Past Event

Ömür Harmanşah

"Between Local Places and Global Networks: Politics of Image-making at Anatolian Rock Monuments"

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Tuesday, February 5, 2013 – 4:00PM to 5:00PM
Gallery 400 Lecture Room
400 South Peoria Street

Omur 150x150

It has been recognized by many in the humanities and social sciences today that places continue to be significant sources of cultural identity, memory, and belonging for local communities, and since they are inherently fragile entities, they must be defended and carefully cared for in contexts of globalization and neo-liberal development. Places are deeply historical sites of cultural significance, memory, and belonging that are constituted by social practices, stratified material assemblages, and bodily interactions with the physical environment. Harmanşah will discuss political tensions surrounding places of power and cultural significance, between local practices and the political gestures of inscription and monumentalization by the imperial agents. He will also discuss the case of Anatolian rock monuments of the Late Bronze and Early Iron Ages (ca. 1450-850 BCE) and suggest that places are often appropriated by political agents and drawn into large networks of domination in antiquity and today. A new archaeology of place is proposed in order to rethink places as eventful locales, by means of uncovering their cultural biographies and tracing geneaologies, while thinking about them as material assemblages.

Ömür Harmanşah is Assistant Professor of Archaeology and Ancient Western Asian Studies at Brown University, where he teaches Near Eastern archaeology, material and visual culture, as well as architectural and archaeological theory. He has been directing Yalburt Yaylasi Archaeological Landscape Research Project, since 2010, investigating a small region in west-central Turkey and its changing cultural landscapes since antiquity. Harmanşah is the author of Cities and the Shaping of Memory in the Ancient Near East, to be published by Cambridge University Press in 2013. His current research involves questions surrounding the cultural biographies of places and landscapes, public memory and indigenous knowledge, human interactions with the mineral world and the political engagement of archaeological field projects in the colonial and postcolonial contexts. He is currently working on a monograph on Anatolian rock reliefs and spring monuments, places of healing and miracle, and attempts to develop a new archaeology of place.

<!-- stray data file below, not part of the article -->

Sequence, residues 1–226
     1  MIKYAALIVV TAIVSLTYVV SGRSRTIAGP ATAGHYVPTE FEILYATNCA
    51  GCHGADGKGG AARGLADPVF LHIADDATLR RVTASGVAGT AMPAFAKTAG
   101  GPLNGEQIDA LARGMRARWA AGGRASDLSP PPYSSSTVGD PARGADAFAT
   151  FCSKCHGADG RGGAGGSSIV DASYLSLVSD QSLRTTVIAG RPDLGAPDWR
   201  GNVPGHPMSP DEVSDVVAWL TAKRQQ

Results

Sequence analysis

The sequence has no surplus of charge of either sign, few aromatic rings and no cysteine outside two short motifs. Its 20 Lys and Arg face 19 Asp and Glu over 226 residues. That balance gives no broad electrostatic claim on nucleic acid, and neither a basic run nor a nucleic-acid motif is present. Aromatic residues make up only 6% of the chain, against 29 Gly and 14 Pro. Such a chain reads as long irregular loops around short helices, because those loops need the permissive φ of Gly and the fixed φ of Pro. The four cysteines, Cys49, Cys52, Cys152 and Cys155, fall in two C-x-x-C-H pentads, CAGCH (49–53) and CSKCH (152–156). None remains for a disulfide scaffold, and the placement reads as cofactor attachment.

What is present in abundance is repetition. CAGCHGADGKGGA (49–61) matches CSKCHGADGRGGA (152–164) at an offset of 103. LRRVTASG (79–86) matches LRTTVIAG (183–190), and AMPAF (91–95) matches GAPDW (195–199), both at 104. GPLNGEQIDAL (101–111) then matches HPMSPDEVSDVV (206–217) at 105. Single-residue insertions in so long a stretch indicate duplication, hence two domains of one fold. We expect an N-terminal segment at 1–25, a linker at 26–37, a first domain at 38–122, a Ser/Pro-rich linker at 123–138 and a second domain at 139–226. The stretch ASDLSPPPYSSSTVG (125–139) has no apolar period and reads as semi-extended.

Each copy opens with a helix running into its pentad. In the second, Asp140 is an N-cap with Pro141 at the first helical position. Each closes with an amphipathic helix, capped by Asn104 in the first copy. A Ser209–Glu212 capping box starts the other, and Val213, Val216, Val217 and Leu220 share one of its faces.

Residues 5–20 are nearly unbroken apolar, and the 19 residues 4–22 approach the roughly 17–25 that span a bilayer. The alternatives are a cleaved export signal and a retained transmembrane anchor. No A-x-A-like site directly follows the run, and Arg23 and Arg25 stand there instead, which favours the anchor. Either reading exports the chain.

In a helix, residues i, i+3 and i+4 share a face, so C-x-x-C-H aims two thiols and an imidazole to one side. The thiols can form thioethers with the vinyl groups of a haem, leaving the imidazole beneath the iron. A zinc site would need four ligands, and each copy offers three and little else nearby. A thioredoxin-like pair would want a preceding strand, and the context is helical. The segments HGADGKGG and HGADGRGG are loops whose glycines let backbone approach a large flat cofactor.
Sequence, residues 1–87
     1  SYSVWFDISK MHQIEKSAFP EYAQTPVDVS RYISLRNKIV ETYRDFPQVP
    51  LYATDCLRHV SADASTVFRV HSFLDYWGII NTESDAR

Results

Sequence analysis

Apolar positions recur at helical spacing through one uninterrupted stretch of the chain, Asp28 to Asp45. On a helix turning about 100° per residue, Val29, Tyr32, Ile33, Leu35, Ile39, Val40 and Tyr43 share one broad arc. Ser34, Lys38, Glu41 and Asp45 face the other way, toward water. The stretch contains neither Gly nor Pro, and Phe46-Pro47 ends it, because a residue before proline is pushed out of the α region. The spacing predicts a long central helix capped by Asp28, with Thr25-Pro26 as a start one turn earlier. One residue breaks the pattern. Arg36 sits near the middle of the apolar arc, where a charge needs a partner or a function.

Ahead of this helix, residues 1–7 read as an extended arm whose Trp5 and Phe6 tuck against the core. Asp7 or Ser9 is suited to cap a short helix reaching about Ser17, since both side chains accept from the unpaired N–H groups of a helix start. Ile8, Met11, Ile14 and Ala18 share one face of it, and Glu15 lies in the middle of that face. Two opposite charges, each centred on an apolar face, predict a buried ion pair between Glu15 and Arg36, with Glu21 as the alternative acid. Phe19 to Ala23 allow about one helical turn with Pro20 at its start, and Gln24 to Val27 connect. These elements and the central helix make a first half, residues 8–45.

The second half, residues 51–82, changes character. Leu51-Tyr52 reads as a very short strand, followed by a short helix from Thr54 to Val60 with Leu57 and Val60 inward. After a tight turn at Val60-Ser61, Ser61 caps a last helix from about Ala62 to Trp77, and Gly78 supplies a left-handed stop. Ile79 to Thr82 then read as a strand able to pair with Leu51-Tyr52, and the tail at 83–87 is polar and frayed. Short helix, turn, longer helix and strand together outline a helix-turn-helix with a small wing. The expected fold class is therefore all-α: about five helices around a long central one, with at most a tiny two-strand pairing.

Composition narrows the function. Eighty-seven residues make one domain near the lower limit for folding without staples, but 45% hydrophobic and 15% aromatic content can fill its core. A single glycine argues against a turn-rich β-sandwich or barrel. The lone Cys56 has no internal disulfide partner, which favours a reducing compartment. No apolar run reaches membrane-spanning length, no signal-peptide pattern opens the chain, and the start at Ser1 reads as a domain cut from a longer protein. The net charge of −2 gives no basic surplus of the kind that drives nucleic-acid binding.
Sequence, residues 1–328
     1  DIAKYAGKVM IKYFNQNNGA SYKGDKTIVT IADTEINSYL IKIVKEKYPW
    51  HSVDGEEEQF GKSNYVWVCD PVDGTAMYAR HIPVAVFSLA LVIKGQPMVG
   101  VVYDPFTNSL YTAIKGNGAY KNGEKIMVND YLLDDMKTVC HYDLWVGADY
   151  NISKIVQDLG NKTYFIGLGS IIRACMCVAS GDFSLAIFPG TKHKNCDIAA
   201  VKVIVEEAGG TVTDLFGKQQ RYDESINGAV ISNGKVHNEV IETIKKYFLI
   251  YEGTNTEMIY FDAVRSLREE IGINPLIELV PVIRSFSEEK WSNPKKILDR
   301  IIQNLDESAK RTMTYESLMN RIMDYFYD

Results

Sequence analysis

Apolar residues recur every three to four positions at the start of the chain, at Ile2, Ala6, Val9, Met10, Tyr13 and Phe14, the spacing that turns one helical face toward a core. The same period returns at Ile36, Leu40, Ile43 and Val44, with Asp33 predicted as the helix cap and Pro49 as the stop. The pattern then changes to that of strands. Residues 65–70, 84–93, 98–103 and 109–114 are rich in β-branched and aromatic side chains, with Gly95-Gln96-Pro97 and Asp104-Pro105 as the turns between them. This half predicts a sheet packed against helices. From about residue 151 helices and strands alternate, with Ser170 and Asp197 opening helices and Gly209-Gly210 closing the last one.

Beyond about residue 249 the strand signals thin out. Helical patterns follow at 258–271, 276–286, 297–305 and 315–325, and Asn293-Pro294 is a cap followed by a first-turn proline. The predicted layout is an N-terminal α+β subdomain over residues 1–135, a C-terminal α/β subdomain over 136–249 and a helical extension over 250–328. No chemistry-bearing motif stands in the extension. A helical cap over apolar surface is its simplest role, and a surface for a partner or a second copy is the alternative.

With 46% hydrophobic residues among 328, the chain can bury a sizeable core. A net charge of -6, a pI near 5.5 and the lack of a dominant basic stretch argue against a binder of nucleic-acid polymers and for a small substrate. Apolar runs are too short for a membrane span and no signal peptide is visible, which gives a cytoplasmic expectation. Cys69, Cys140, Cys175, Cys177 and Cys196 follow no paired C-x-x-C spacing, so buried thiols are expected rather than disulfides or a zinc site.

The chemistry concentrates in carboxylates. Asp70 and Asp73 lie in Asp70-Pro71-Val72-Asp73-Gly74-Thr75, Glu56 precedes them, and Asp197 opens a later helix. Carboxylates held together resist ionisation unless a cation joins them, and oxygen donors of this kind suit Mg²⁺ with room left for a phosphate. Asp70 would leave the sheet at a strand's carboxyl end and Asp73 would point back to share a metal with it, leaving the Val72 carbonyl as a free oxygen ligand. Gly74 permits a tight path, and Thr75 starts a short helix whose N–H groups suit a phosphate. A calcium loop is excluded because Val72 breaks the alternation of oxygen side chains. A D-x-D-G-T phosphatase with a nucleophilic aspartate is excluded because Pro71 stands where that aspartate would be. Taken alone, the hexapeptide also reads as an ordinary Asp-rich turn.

Image: Ömür Harmanşah.
This lecture is the first in the Perspectives on Global Art History Spring 2013 series organized by the Lectures and Events Committee of the Art History Department, University of Illinois at Chicago; further generous support is provided by Gallery 400 and the Director of the School of Art and Art History (College of Architecture and the Arts) at UIC.